5 How the ECM outcomes are undermined by bad housing Being healthy Increased risk of ill health, disability, mental and emotional health problems and a wide range of respiratory problems. Staying safe Increased risk of accidents in the home; higher risk of isolation and fear in community. Enjoying and achieving Higher risk of lower educational achievement, as homeless children miss more days of school through lateness, truancy, exclusions, bullying. Making a positive contribution Increased instances of behavioural problems such as aggression, hyperactivity & impulsivity, also impacting educational & social outcomes. Achieving economic well-being Increased risk of family being caught in a cycle of poverty, unemployment and social exclusion, due to lower levels of educational achievement and poorer heath. Every Homeless Child Matters?

6 6 Guidance for strategic managers in Housing Services, Childrens Services and their partner agencies. Published May 2008 Thematic areas: 16 & 17 year olds Care leavers Children of families living in temporary accommodation Children of families found intentionally homeless Shelter involved in development of document. Government guidance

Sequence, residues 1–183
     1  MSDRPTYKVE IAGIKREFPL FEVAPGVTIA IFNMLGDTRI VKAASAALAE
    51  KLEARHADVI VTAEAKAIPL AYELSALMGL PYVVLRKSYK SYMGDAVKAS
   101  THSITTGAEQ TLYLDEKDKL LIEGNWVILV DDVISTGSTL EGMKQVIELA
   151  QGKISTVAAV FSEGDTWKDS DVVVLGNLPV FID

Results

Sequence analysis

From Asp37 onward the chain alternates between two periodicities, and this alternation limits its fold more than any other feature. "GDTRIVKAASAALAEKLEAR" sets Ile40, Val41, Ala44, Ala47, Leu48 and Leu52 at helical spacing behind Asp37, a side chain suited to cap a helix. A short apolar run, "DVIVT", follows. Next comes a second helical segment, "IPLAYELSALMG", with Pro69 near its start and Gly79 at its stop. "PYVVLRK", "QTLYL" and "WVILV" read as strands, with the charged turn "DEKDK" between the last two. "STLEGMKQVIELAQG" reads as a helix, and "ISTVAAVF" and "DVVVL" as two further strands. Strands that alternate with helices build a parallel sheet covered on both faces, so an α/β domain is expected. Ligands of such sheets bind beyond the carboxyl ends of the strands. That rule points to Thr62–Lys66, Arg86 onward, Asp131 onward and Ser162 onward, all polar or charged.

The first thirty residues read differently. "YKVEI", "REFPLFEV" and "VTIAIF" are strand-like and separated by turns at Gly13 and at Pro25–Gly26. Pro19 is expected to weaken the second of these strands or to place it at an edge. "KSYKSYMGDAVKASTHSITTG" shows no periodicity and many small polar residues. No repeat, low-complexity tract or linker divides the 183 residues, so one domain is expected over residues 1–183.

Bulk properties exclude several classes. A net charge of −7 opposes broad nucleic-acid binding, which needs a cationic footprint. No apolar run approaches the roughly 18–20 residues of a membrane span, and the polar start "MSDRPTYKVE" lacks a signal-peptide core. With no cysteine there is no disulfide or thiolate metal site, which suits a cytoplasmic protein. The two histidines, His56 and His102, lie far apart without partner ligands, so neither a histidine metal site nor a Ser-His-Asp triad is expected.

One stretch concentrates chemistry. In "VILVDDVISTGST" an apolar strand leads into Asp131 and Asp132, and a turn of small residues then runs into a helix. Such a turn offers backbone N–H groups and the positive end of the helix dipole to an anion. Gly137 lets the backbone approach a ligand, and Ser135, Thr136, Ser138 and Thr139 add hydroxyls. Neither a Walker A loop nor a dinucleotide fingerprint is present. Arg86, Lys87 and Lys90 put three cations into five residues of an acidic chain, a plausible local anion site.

7 Where are the Interfaces between Childrens Services and Housing? Inter Agency Governance Clear commitment from DCS, Housing, Childrens Trust Boards, LSPs, Lead Members, LSCBs on joint up working. Integrated Strategies CYPPs & Homelessness Strategies - thorough involvement in development, implementation and monitoring of policies. Opportunities for joint funding identified & shared resources. Integrated Processes Joint Protocols & Pre-action protocol arrangements Use of CAF by housing officers. Information Sharing – housing department informs CYPS where families in TA have been placed. Integrated Front Line Delivery Co-location of staff between housing and CYPS. More outreach, more shared training, more understanding in schools & childrens centres of risks to outcomes for homeless children.

8 8 Opportunities to consider housing issues Example: Provision of 0-5 Services in Hackney Report included a section on housing which identified the formal and informal links between housing and childrens centres. However, the report also identified gaps, and made two recommendations to the commission: Involvement of housing providers on children's centre steering groups to foster mutually beneficial working relationships between them. Undertake analysis of where and when a housing advice surgery might be offered to parents as part of the universal services provided to childrens services. This report provides an excellent hook for my engagement with Hackneys CYP and Housing services on this, and ultimately other, areas of joint working.